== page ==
This treaty was based on the earlier Spanish treaty, and it retained the translation discrepancy: the English version described a complete dependency, while the Tausug version described a protectorate. Although the Bates Treaty granted more powers to the Americans than the original Spanish treaty, the treaty was still criticized in America for granting too much autonomy to the Sultan. One particular clause, which recognized the Moro practice of slavery, also raised eyebrows in Washington, D.C. Bates later admitted that the treaty was merely a stop-gap measure, signed only to buy time until the war in the north was ended and more forces could be brought to bear in the south.The peace created by the Bates Treaty did not last, however. This became evident when the Muslims repudiated the Moro province, a politico-military government in Mindanao lasting from 1903 to 1914, and the Moro Rebellion soon broke out. It is important to note that barely two months before the creation of the Moro province, the American colonial government declared and classified all unoccupied lands as public lands. Immediately after the declaration, American investments entered Mindanao and mass migration of Christians was encouraged. (Rodil 1985:4).

Fighting on the island flared up again in February 2005 when between 4,000 and 5,000 Philippine troops clashed with around 800 Islamist
Islamism also , lit., "Political Islam" is set of ideologies holding that Islam is not only a religion but also a political system. Islamism is a controversial term, and definitions of it sometimes vary...

 militants from the Abu Sayyaf
Abu Sayyaf
Abu Sayyaf also known as al-Harakat al-Islamiyya is one of several military Islamist separatist groups based in and around the southern Philippines, in Bangsamoro where for almost 30 years various Muslim groups have been engaged in an insurgency for an independent province in the country...

 group, along with followers of Nur Misuari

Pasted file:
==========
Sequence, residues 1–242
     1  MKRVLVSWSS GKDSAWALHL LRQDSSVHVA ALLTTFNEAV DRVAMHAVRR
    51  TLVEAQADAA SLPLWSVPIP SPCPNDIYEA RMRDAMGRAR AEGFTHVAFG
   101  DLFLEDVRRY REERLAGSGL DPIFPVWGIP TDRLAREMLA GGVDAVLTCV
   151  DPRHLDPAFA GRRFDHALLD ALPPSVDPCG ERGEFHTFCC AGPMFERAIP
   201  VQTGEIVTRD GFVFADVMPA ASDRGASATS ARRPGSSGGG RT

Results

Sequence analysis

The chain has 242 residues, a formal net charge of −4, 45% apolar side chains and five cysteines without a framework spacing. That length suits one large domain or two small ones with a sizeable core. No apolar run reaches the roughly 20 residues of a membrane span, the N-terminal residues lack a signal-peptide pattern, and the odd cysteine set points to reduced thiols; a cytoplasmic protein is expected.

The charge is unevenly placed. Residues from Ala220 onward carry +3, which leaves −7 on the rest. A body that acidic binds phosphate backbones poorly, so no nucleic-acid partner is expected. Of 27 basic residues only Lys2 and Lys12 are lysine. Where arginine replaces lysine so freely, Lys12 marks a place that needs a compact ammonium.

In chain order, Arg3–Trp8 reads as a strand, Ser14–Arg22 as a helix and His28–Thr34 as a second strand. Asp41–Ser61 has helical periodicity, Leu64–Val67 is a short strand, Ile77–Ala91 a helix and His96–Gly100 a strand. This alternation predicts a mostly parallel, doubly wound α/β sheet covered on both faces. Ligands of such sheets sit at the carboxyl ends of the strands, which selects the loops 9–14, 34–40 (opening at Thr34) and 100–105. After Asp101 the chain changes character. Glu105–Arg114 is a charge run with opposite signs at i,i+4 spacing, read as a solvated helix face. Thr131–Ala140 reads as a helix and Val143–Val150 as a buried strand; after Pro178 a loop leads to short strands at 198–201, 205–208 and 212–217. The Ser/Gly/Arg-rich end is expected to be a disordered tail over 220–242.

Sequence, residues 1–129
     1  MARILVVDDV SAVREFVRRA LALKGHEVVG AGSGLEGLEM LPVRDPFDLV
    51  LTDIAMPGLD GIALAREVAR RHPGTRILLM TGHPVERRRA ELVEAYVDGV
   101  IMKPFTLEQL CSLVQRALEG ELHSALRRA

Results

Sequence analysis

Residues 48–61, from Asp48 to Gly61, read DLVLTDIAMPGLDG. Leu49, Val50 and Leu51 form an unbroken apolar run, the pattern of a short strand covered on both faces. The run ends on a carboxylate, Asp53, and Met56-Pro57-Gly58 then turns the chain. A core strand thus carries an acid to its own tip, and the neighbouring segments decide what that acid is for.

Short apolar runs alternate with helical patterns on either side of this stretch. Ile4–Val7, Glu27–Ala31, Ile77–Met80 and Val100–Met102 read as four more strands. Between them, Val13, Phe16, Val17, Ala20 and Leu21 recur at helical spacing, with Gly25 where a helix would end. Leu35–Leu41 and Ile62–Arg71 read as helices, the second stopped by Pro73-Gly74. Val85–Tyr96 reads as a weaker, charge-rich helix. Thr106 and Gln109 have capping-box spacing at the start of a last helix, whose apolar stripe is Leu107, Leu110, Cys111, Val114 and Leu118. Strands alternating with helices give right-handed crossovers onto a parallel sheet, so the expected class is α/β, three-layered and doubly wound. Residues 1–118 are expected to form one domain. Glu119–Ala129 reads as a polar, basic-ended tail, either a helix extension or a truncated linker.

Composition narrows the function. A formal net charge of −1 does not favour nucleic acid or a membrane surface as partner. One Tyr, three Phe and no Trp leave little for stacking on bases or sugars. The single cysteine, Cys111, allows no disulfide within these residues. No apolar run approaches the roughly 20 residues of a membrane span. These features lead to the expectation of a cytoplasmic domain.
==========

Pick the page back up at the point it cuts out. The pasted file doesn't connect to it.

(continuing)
Nur Misuari
Nur Misuari is a moro politician and former leader of the Moro National Liberation Front. He completed his education through academic scholarships at the University of the Philippines and became a student activist...

. Up to 12,000 people were thought to have fled the fighting. Fighting is still continuing (2009).

See also

  • Active volcanoes in the Philippines
    Active volcanoes in the Philippines
    Active is commonly termed for volcanoes with historical eruptions. Moreover, the Philippine Institute of Volcanology and Seismology classify active volcanoes in the country as having erupted within historical times , with accounts of these eruptions documented by man; or having erupted within the...

  • Potentially active volcanoes in the Philippines
  • Inactive volcanoes of the Philippines
    Inactive volcanoes of the Philippines
    This is a list of inactive volcanoes in the Philippines. The Philippine Institute of Volcanology and Seismology currently lists 355 volcanoes in the Philippines as inactive. The Smithsonian Institution's Global Volcanism Program does not list inactive volcanoes...

  • Philippine Institute of Volcanology and Seismology
    Philippine Institute of Volcanology and Seismology
    The Philippine Institute of Volcanology and Seismology is a Philippine national institution dedicated to provide information on the activities of volcanoes, earthquakes and tsunamis, as well as other specialized information and services primarily for the protection of life and property and in...

  • Jolo, Sulu
    Jolo, Sulu
    Jolo is a municipality on the island of Jolo, and the capital and largest town of the province of Sulu. According to the 2000 census, it has a population of 87,998 people in 12,814 households. Part of its population is of Chinese descent, mainly from Singapore...